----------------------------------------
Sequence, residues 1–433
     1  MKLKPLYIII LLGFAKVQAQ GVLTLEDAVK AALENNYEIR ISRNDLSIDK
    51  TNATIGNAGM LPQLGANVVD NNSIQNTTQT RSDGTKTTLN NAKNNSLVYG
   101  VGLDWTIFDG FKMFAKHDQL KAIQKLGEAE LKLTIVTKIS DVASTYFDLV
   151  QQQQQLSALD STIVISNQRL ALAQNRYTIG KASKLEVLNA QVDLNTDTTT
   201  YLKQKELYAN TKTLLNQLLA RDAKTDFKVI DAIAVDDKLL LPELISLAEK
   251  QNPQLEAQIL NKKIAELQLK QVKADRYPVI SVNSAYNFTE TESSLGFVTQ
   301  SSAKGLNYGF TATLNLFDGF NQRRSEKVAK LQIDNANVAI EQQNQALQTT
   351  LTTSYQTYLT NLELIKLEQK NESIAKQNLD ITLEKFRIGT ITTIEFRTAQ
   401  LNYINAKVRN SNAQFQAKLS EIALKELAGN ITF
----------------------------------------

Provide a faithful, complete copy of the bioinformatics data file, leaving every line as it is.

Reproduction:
Sequence, residues 1–433
     1  MKLKPLYIII LLGFAKVQAQ GVLTLEDAVK AALENNYEIR ISRNDLSIDK
    51  TNATIGNAGM LPQLGANVVD NNSIQNTTQT RSDGTKTTLN NAKNNSLVYG
   101  VGLDWTIFDG FKMFAKHDQL KAIQKLGEAE LKLTIVTKIS DVASTYFDLV
   151  QQQQQLSALD STIVISNQRL ALAQNRYTIG KASKLEVLNA QVDLNTDTTT
   201  YLKQKELYAN TKTLLNQLLA RDAKTDFKVI DAIAVDDKLL LPELISLAEK
   251  QNPQLEAQIL NKKIAELQLK QVKADRYPVI SVNSAYNFTE TESSLGFVTQ
   301  SSAKGLNYGF TATLNLFDGF NQRRSEKVAK LQIDNANVAI EQQNQALQTT
   351  LTTSYQTYLT NLELIKLEQK NESIAKQNLD ITLEKFRIGT ITTIEFRTAQ
   401  LNYINAKVRN SNAQFQAKLS EIALKELAGN ITF